What you won’t find on the shelves, however, is a legal product that, unlike the aforementioned products, doesn’t even require a license to sell: synthetic marijuana.
“Why give yourself a headache when you don’t need one? Killing someone is going to give you a headache,” said an employee at Summit. He said the owners of the store have told him that Summit has never sold the product and never will. “Selling K2 isn’t going to get you rich, so why bother? It isn’t worth it.”
Melanie Maxwell I AnnArbor.com
The employee declined to use his name, as did many other shop owners and employees at shops in Ann Arbor and Ypsilanti, whether they sell the product or not.
As the negative reports surrounding synthetic marijuana — commonly referred to as incense, herbal, potpourri or by its most popular brand names K2 and Spice — continue to mount and Washtenaw County officials ask stores to stop selling it, no one seems to want to be attached to the product.
Many shops who used to carry the product no longer want to be attached to its sale, including Kampus Korner in Ypsilanti.
“I don’t know if we can get it back with all of the negative publicity,” said an employee, who declined to give his name.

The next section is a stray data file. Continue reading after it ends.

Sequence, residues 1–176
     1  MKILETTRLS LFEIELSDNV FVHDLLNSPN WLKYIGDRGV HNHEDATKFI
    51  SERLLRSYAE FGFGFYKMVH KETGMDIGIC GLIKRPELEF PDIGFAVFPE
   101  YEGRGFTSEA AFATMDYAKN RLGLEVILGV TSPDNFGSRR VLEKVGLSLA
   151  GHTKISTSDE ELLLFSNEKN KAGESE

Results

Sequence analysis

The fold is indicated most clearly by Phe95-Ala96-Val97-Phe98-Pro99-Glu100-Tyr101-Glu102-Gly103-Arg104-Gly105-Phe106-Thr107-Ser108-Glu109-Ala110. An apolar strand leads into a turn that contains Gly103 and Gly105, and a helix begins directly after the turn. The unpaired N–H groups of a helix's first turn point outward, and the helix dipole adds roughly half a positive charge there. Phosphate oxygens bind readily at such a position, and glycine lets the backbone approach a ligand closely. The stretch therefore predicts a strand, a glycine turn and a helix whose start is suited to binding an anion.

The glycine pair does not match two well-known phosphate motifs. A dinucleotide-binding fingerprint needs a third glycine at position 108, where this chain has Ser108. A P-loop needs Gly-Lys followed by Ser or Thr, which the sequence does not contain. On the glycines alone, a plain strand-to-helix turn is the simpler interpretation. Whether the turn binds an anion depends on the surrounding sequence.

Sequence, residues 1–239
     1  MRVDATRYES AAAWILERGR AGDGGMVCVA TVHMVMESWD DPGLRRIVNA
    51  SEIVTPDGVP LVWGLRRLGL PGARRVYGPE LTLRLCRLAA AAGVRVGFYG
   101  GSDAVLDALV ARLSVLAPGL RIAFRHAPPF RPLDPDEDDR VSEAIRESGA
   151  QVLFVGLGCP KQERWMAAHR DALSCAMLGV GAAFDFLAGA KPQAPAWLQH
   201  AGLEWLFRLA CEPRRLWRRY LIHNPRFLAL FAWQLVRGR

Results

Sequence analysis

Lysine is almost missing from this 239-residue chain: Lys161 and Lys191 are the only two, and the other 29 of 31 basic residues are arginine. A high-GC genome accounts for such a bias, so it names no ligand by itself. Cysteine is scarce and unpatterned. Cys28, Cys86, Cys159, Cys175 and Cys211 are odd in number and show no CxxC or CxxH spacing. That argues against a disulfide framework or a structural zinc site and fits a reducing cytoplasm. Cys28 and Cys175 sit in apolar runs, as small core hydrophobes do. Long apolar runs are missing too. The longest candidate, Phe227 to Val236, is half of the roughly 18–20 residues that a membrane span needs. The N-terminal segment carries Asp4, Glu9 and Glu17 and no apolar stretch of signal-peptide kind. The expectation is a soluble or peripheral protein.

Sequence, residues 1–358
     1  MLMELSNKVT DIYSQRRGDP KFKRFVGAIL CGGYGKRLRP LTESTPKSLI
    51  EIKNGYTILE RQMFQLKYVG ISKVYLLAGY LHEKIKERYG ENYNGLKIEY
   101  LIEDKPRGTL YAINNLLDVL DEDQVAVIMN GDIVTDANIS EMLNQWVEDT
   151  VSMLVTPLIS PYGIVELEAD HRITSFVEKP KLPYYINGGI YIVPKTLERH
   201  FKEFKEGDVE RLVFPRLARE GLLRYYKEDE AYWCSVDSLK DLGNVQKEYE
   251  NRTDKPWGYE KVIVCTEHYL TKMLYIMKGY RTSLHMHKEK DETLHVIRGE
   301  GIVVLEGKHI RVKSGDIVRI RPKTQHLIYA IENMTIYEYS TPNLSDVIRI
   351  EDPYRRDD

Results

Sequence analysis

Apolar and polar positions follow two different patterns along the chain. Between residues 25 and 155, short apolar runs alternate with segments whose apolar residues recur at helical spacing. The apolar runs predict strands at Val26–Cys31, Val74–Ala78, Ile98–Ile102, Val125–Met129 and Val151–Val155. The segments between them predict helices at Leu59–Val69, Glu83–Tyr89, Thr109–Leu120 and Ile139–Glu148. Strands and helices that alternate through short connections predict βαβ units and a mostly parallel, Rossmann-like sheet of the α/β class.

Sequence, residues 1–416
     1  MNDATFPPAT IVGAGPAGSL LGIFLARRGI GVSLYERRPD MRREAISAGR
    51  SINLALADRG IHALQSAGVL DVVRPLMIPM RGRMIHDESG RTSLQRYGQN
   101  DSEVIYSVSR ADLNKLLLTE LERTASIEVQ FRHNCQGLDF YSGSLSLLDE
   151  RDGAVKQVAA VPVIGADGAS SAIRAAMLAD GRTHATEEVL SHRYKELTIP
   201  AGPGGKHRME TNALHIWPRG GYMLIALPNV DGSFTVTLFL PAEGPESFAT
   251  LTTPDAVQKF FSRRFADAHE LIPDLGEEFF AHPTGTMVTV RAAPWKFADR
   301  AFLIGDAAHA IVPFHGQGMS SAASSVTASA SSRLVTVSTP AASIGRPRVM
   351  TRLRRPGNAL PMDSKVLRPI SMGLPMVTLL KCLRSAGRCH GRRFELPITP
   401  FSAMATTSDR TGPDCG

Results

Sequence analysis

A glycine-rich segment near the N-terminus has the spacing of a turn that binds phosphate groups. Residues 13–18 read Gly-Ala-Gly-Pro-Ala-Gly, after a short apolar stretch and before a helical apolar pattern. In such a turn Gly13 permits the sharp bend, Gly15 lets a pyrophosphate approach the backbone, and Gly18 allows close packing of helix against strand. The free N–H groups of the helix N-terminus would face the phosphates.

Some shops simply don’t want the clientele the product attracts. Patti King, manager of 42 Degrees, a smoke shop on East William Street in downtown Ann Arbor, described the people who normally come in asking for synthetic marijuana as “cracked out.”
Not carrying the product has been good for customer relations, said a manager at a Sunoco Station in Ypsilanti.
“Lately I’ve been having very happy customers that we don’t sell it. . . . They come here once in a while talking about it because it’s on the news. They’re very happy to see that we don’t carry that stuff,” the manager said.
Bongz & Thongz in downtown Ann Arbor and Ethnospot are two known downtown Ann Arbor stores that continue to sell synthetic marijuana. Multiple attempts to reach store owners and/or managers were unsuccessful.
Negative stigma or not, other places still carry it as well.
“We’ve been selling (synthetic marijuana) for like three or four months,” said Kamao Singh, an employee at a Citco gas station in Ypsilanti. “We haven’t seen that many people come in for it.
“In a week you’ll get about one or two people that come in who are interested in it.”